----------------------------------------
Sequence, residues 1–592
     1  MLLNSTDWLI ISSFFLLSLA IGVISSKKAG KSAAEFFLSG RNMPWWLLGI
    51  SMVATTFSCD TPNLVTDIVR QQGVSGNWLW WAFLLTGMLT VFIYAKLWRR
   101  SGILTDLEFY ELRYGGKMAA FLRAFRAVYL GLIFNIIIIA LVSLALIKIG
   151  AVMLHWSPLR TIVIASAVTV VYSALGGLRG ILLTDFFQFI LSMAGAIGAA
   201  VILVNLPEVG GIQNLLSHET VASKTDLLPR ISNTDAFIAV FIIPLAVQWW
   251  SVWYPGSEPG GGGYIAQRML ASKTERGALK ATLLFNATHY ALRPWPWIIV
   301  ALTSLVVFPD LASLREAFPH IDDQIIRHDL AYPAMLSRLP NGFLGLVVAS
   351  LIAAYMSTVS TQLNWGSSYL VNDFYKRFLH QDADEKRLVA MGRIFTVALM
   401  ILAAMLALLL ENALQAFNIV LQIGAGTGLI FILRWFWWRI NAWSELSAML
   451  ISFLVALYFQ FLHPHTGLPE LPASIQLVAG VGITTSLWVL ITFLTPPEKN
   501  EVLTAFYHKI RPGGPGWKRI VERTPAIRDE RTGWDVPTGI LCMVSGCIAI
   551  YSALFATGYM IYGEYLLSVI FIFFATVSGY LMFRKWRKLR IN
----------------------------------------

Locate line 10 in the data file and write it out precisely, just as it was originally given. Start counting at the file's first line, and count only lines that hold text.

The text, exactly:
   401  ILAAMLALLL ENALQAFNIV LQIGAGTGLI FILRWFWWRI NAWSELSAML